HUMP DAY: WE ARE MORE THAN STATISTICS
It’s that time of the year; the stressful point where everything seems to come in all at once. You are running from one place to another with a cup of coffee in your hands, hoping to make it through the day and finish the project that’s worth 25% of your grade. Suddenly, the night comes and the project is not done yet – Oh no!
Then you remember that earlier, someone gave you a “power pill.” Many thoughts come to your mind: Weighing the pros and cons you may consider finding another. Well, there are many people, especially students, who have been in this situation and have chosen to take that pill. In this New York Times article, Alan Schwarz lists testimonies of a variety of college and high school students that have had and still have a personal experience with drug prescription abuse.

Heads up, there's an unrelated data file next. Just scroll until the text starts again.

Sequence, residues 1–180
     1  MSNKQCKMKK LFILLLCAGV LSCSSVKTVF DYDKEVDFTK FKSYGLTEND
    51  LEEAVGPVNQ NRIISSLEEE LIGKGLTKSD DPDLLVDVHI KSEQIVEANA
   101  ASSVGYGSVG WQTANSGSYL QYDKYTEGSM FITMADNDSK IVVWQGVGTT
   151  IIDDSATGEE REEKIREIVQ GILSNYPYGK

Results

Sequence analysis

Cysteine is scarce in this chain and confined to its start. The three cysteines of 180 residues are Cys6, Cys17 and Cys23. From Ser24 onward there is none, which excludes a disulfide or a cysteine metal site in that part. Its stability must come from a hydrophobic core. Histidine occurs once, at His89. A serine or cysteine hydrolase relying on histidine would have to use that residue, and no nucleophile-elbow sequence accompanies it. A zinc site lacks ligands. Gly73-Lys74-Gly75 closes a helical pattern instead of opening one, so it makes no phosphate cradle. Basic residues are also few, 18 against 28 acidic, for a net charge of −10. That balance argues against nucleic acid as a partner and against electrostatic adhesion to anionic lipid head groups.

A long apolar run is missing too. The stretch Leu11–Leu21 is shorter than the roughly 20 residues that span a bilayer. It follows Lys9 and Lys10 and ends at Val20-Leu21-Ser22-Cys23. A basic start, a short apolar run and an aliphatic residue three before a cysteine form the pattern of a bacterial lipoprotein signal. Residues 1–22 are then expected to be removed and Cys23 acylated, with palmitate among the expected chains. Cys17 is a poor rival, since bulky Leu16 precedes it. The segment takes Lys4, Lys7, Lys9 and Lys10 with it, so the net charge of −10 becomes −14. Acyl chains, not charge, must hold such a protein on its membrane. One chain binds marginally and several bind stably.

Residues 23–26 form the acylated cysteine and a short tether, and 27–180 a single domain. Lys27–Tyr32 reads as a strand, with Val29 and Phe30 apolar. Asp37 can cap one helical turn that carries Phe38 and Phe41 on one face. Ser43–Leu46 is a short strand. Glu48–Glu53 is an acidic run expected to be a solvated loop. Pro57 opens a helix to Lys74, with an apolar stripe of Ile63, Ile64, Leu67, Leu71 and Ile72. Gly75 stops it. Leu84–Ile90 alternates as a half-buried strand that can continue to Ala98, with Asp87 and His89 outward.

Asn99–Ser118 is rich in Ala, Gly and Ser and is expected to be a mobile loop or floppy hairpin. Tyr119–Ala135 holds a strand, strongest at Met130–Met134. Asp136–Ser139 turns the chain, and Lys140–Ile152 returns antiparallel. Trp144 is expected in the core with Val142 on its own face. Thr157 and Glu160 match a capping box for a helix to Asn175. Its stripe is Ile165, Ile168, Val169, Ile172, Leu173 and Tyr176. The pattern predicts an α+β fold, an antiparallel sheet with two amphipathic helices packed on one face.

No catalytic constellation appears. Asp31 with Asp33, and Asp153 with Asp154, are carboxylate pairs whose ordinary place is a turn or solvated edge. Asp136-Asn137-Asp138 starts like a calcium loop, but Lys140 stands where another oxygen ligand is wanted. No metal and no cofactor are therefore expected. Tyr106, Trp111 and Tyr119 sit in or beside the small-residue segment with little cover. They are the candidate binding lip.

Then to build on this article, Amanda Gardner informs us with statistics of prescription drug abuse. For example, 30 percent of college students and 8 percent of high school students have taken non-prescribed prescription drugs. Using one particular story, Gardner tells us how everything can stem from something as menial as a migraine. However, as both she and the boy points out, even when no migraines were present, the boy still took his painkillers because he liked the feeling of “euphoric numbness.” Time passed by and before he realized it, he was trying to find something stronger.
Prescription drug abuse is not a new problem, but it is a problem that deserves more attention. We might not see it and we might think it is “normal” or of no harm in use, but that is only true in proper usage. We need to open our eyes and STOP becoming a statistic. If help is needed, seek it out- It is never too late.
Stacy Palacios, Peer Educator
Photo Cred: prescription meds